THERE is an art to being a gracious loser.
But it is here that junior sport gets a little awkward - junior finals fly in the face of society's every-child-gets-a-prize trend.
All season, games are based on participation, fun and friendship and having a go -which is fantastic - then come finals, where teams are pitted against each other in knockout style and there can only be one trophy winner.
And so, with junior finals comes the debate about whether play-offs hinder or help the next generation.
Does missing out really dent a child's self-esteem and shouldn't every child be made to feel they are a sporting star?
Losing hurts and with each degree closer you finish to glory the more acute the pain.
This is a good thing. These are life lessons.
Channel that pain right and it can give you drive to improve and get better, rather than lapse into complarticipation in junior sport is important.acency and a sense of entitlement.
Round robin formats have their role in bottom-age junior sporting grades, to finish the season in a carnival style.
But they always left this columnist feeling a little hollow at the season's close. You need something to strive for, like the big kids do.
A trophy for just playing the game is merely stating the obvious. It is a little like wanting a clap from your boss for rolling out of ben to make it to work each day.
Plump up the motivational music during the week, watch Mighty Ducks movies on repeat (Disney still makes motivational sports movies, right?).
Finals always have a magical sense that anything is possible, anyone can be beaten.
Giants can topple.
If you get beaten, acknowledge a better opponeeaching finals is an awesome achievement in any sport.nt, know you gave your all and regroup for the next season.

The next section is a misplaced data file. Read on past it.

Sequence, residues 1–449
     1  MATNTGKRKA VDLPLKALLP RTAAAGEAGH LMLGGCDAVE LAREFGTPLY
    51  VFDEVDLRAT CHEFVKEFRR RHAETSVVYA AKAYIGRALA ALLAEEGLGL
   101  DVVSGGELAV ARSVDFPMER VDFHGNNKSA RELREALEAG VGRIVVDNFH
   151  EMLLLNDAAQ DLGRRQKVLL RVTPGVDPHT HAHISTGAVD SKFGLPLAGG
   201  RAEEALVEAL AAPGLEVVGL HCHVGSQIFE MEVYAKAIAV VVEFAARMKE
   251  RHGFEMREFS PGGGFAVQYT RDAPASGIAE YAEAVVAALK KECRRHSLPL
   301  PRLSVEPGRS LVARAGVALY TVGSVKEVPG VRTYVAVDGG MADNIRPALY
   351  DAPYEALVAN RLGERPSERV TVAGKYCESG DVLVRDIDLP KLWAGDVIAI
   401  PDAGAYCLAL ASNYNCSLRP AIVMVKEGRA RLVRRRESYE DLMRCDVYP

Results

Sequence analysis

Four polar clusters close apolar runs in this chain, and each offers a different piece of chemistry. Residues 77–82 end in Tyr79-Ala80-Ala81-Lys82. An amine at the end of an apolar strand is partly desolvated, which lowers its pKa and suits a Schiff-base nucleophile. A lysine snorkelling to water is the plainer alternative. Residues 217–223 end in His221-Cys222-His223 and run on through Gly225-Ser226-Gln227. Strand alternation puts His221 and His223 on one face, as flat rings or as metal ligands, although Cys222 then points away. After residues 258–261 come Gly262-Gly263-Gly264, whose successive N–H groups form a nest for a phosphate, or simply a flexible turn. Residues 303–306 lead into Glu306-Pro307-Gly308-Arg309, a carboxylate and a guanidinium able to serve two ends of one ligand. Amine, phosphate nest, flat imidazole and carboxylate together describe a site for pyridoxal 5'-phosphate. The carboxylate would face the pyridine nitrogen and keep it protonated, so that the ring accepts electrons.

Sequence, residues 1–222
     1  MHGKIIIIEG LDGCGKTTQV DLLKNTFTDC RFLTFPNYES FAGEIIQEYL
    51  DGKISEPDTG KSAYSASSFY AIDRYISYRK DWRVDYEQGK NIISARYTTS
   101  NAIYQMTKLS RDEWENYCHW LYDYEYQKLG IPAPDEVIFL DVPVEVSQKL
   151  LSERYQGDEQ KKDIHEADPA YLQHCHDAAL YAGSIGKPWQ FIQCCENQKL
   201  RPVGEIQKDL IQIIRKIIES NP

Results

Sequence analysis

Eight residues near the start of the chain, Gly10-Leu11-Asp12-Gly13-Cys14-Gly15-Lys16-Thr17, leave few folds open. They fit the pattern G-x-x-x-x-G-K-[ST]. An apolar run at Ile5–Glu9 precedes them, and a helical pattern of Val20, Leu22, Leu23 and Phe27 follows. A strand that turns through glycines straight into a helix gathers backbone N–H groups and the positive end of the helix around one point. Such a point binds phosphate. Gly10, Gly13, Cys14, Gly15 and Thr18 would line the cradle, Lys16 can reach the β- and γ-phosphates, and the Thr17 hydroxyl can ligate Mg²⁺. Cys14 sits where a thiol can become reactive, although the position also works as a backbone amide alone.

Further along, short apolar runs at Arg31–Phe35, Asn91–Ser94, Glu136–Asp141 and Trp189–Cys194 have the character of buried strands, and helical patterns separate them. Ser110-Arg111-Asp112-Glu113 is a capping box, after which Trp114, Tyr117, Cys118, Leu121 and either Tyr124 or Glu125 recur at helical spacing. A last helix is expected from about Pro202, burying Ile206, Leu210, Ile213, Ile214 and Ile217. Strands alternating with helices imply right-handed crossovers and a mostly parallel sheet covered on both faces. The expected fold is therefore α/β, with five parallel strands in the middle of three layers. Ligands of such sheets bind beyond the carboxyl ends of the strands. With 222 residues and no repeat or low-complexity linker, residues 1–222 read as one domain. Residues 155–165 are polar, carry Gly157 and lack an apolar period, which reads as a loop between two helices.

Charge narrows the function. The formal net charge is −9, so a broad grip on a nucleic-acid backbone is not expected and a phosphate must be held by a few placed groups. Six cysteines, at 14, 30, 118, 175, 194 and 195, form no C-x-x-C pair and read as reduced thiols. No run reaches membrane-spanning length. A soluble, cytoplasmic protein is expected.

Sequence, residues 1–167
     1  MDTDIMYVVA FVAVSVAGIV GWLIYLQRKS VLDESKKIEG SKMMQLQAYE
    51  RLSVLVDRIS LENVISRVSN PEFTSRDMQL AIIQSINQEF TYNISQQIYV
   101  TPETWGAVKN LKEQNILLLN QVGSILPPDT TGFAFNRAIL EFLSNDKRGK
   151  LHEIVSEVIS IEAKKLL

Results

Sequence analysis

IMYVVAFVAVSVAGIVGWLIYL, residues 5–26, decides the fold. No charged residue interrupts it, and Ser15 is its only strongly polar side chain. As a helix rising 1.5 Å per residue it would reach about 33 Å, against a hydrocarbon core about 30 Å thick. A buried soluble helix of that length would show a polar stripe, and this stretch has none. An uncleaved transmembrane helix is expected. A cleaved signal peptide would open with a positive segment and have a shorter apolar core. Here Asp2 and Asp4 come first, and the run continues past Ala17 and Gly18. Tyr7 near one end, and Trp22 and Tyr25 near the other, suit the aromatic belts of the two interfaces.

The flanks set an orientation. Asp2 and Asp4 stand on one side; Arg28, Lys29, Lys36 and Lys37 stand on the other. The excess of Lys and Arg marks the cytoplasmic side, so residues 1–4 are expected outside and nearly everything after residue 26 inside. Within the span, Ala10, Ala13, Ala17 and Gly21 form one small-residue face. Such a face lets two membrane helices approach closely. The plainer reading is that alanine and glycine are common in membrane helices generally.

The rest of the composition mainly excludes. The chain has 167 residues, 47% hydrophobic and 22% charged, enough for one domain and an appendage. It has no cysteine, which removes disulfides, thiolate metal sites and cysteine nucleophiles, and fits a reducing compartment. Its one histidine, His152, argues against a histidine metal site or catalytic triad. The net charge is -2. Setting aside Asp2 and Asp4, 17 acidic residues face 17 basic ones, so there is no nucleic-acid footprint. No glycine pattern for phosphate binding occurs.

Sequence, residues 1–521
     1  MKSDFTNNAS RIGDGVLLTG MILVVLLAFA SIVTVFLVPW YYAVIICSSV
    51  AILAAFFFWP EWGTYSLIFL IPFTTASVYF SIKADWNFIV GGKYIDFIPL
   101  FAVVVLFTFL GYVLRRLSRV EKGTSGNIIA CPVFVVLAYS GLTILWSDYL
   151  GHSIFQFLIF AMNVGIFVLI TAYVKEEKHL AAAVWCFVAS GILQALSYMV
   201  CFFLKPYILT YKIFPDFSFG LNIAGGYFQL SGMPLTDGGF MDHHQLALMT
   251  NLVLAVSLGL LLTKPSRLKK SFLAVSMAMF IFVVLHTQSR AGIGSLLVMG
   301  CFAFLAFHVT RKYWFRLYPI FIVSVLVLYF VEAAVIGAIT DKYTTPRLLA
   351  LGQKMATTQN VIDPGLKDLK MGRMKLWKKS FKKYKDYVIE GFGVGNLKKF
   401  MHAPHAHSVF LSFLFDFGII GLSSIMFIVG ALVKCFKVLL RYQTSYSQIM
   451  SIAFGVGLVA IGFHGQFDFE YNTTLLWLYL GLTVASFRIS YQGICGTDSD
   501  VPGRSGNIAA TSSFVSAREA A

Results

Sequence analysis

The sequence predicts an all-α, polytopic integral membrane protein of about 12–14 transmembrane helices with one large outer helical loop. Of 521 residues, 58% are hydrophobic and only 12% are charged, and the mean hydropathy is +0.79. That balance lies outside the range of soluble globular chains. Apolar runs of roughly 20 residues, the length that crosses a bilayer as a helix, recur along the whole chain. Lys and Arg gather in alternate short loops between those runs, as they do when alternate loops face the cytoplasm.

Finishing runner-up means you achieved a lot more than a whole lot of others, no matter what Abby Lee Miller tells you on Dance Moms about being the number one loser.
Remember how obnoxious the Australian swim team appeared with evident disappointment at winning Olympic silver in London?
Do we really want the next generation to perpetuate that?
Sometimes sport is just about having the guts to keep training, keep turning up and keep trying your best when times are toughest.
Sebastopol in Ballarat footy, Smythesdale in the Central Highlands and the folding Bendigo Gold in the Victorian Football League finished winless in senior football this season.
They are each the marquee team of their league and townships and their success sets the tone in recruiting and sponsorship - not an easy feat when it is winning that attracts people to the bandwagon.
These clubs had a core bunch of players that put in the same long pre-season and the same wintery training nights as their rivals, knowing they were unlikely to win each week.
They count their successes not so much in wins as they do in other key performance indicators.
One win would have been a good reward for effort, let along taking home a league trophy.
When they do turn things around on field, it makes finals games and premiership victories all the sweeter.
It is tough to get to the top and even tougher to stay there. The lucky few to make it should be rewarded and special.
How long do we need to make sporting podiums a flat plain, dish out rooms full of participation trophies or send kids round and round in round robins before we unwrap the cotton wool and let them know what it feels like to lose a game?
Not every kid can be the lead in the school play, the drummer in the school band, a house captain or lunch monitor.
You need to earn it and know how to take it when you fall short.